These days I tried to squeeze some performance from a memory-intensive OCL kernel and went for GCN assembly. Saved a few registers here, few instructions there, got a nice occupancy and thought to have a perfect kernel. However, the performance of manually tuned kernel was awful to say at least.
I tried everything but nothing helped. After that, with some limited knowledge about assembly, I went back to OCL.
Tried a few tricks and succeed to lower the register usage and raise occupancy. I was astonished when saw that performance dropped by more than 20%!
After that, I changed the code a bit few times, (added some dummy loops to fool the compiler and waste some registers), so that main loop stays unchanged (I confirmed this by watching the assembly listing). The funny thing was that when occupancy drops from 37% to 25%, performance goes up by 20%.
After that, I decided to go back to the assembly. Took the "optimized" code and added few dummy register just to brake the occupancy. After all funny things, I wasn't surprised when performance goes up and power draw goes down (not by much though)!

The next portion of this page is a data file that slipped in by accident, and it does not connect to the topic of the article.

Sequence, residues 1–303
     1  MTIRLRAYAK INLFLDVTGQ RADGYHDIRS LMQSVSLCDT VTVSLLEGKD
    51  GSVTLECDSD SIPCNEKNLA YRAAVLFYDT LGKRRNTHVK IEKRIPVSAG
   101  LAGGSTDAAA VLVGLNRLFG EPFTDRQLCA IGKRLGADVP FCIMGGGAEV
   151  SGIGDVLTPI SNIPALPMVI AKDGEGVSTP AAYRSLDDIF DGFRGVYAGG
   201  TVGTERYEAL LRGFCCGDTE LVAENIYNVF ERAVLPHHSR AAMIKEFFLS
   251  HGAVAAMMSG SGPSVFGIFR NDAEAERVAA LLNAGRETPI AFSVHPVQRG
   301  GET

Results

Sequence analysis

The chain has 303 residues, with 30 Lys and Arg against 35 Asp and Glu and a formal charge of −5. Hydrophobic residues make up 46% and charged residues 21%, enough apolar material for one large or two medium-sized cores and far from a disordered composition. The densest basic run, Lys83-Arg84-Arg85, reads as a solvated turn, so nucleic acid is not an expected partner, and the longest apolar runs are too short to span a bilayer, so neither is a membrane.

After all, I decided to take that OCL low-performance kernel and disassemble it. I added a few dummy registers, broke the occupancy and assemble it. You guess what happened. The performance went up.
I found some possible explanation here: https://bartwronski.com/2014/03/27/gcn-two-ways-of-latency-hiding-and-wave-occupancy.
"I think that in general (take it with a grain of salt and always check yourself) low wave occupancy and high unroll rate is good way of hiding latency for all those “simple” cases when you have lots of not-dependent texture reads and relatively moderate to high amount of simple ALU in your shaders.
Furthermore, too high occupancy could be counter-productive there, thrashing your caches. (if you are using very bandwidth-heavy resources)"
In the end, I don't know if all my writings is a question or not, but I would like to hear any opinions / ideas.